NFPA 70E: Performing the Electrical Flash Hazard Analysis

Remember, convenience is not an acceptable reason for keeping equipment energized during servicing and maintenance.

ONJune 11, 1999, an electrician was troubleshooting the emergency power system. After testing the transfer panel, he moved to the emergency breaker compartment (480 volts, 200 amps), removed the cover panel, and proceeded to test the circuits. Initial testing showed power on all terminals. When the electrician started to test the circuits again, a fault occurred, resulting in the formation of a fireball that seriously injured the assistant building engineer and fatally injured the assistant fire chief and electrician. [Source: National Institute for Occupational Safety and Health]

The preceding incident is an example of the hazards associated with an electric arc flash. An electric arc flash, which is a short circuit through the air, occurs when an employee is working on or near energized electrical equipment and inadvertently contacts conductors or circuits, such as by dropping a part or tool, resulting in a phase-to-ground or a phase-to-phase fault. Also, equipment malfunction may produce a spark or arc, resulting in an arcing fault.

The Hazards of Electric Arc Flashes
Approximately 80 percent of all electrical injuries are burns that result from the electric arc flash and ignition of an employee's flammable clothing. Arc flashes cause electrical equipment to explode, resulting in an arc-plasma fireball. Temperatures may exceed 35,000 degrees F (the surface of the sun is 9,000 degrees F). These high temperatures cause rapid heating of surrounding air and extreme pressures, resulting in an arc blast. The arc blast probably will vaporize all solid copper conductors. Solid copper expands to 67,000 times its original volume when it is vaporized. In addition, measurements taken on a test mannequin during a laboratory arc flash detected sound levels of 141.5 decibels at 2 feet from the blast and pressure levels of 2,160 pounds per square foot (psf) in the immediate vicinity of the blast.

An electric arc flash can ignite an employee's flammable clothing, causing severe burns; the intense light of an arc flash can cause cataracts; the tremendous sound pressure may damage an employee's hearing; and the pressure levels could knock an employee down. Also, flying shrapnel could result in serious injury or death.

Preventing Arc Flash Incidents
By far, the best way to prevent an electric arc flash is always to deenergize and to lock out/tag out all electrical equipment prior to performing servicing and maintenance activities. OSHA's 29 CFR 1910.333 (a)(1) states: "Live parts to which an employee may be exposed shall be deenergized before the employee works on or near them, unless the employer can demonstrate that deenergizing introduces additional or increased hazards or is infeasible due to equipment design or operational limitations. Live parts that operate at less than 50 volts to ground need not be deenergized if there will be no increased exposure to electrical burns or explosion due to electric arcs."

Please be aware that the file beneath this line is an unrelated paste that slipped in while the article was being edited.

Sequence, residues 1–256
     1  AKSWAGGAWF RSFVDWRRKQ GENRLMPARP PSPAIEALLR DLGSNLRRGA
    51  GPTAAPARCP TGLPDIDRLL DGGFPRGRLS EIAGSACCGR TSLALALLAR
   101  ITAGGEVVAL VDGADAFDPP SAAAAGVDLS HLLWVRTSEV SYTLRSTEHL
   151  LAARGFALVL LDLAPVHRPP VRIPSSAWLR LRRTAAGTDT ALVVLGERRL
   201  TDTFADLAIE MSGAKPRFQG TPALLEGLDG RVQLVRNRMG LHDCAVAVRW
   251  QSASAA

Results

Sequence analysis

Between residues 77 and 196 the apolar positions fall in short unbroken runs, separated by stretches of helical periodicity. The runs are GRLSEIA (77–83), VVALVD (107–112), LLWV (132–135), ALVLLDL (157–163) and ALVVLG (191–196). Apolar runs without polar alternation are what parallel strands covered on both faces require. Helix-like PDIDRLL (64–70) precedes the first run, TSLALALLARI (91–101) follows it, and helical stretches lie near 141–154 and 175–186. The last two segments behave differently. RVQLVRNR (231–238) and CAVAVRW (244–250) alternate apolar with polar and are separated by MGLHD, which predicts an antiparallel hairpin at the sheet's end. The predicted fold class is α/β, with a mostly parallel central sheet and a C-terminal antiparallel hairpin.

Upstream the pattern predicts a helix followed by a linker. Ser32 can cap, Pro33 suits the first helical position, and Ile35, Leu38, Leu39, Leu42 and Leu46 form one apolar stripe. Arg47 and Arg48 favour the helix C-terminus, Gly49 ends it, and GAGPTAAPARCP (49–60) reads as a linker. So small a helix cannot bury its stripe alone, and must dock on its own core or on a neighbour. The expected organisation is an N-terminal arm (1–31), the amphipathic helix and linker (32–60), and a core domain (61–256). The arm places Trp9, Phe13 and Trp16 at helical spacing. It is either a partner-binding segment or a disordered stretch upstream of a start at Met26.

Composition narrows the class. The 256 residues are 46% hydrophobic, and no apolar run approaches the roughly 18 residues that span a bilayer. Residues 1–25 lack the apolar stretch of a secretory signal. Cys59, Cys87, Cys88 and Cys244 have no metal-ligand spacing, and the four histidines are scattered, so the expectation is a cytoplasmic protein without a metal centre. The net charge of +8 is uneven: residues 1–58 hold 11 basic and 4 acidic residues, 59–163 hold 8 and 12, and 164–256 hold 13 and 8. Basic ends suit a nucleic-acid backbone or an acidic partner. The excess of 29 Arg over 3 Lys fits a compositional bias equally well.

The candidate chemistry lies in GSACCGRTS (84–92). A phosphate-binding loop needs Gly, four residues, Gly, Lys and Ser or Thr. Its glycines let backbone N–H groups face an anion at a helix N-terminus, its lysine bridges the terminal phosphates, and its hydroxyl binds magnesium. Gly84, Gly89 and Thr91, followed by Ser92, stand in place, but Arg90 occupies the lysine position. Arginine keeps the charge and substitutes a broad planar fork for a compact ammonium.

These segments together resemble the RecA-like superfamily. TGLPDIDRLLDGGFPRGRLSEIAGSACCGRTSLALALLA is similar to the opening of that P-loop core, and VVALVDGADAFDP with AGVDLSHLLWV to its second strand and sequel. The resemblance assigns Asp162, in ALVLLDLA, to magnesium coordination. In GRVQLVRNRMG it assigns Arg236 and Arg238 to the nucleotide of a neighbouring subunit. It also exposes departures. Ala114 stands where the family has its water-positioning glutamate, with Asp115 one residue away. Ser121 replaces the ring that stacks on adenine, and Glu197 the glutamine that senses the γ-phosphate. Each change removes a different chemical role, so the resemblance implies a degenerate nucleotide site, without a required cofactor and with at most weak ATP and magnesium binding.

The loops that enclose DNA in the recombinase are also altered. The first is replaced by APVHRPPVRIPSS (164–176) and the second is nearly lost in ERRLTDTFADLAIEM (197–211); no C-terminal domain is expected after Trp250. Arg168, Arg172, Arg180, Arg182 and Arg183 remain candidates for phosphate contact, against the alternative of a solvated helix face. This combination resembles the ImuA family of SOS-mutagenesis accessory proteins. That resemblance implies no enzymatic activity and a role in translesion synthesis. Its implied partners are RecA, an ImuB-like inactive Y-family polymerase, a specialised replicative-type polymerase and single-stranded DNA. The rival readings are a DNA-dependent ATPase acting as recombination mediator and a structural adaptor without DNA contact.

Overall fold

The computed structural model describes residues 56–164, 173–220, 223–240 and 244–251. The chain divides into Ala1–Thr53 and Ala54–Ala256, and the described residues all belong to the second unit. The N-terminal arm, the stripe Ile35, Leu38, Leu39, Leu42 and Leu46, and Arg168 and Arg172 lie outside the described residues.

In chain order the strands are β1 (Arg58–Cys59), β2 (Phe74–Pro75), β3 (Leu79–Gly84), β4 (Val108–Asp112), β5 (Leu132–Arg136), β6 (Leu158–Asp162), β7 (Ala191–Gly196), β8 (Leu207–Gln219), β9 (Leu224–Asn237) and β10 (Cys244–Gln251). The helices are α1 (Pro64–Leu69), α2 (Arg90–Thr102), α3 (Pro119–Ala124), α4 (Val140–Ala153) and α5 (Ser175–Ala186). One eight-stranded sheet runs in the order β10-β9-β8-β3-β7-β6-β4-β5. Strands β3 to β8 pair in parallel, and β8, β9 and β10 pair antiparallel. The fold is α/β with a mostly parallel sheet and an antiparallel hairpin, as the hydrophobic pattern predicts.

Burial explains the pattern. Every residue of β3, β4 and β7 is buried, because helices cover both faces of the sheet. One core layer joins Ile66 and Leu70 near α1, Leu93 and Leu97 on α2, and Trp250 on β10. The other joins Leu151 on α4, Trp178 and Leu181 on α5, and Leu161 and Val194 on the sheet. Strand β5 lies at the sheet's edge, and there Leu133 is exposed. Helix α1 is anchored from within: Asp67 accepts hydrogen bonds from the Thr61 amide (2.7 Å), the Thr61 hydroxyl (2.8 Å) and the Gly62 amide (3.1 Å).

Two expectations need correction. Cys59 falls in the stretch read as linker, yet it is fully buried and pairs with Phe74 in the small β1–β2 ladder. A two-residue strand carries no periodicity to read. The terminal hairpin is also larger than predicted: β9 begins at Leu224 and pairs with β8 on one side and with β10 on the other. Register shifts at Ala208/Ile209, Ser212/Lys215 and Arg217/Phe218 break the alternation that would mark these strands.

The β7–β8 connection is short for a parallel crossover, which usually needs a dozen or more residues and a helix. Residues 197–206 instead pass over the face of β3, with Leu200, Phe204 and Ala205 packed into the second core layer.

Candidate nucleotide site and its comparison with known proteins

Some examples of increased or additional hazards may include: interruption of life support equipment, deactivation of emergency alarm systems or atmospheric monitoring equipment, or shutdown of hazardous ventilation equipment. An example where it may be infeasible to deenergize equipment would be performing diagnostics and testing (e.g., startup or troubleshooting) that can only be performed with the circuit energized.

Electrical Safety-Related Work Practices
If electrical equipment must remain energized while servicing and maintenance is performed, electrical safety-related work practices must be utilized by qualified employees as outlined by OSHA in 29 CFR 1910.331 through 1910.335. In addition to OSHA's requirements, NFPA 70E, Standard for Electrical Safety in the Workplace (2004 Edition) contains requirements for performing a flash hazard analysis.

The National Electrical Code® is generally considered an electrical installation document, and it protects employees under normal circumstances. However, it does not address electrical safety-related work practices. In an effort to protect employees while working on or in the vicinity of electrical equipment, OSHA asked the National Fire Protection Association to develop a standard addressing electrical safe work practices. In response, the first edition of NFPA 70E was published in 1979. NFPA 70E is intended to provide guidance with respect to electrical safe work practices.

Does OSHA enforce NFPA 70E? No, NFPA 70E is not incorporated by reference in 29 CFR 1910.6. However, OSHA has several comparable requirements that are enforceable:

* 29 CFR 1910.132 (d)(1): Requires employers to perform a personal protective equipment (PPE) hazard assessment to determine necessary PPE.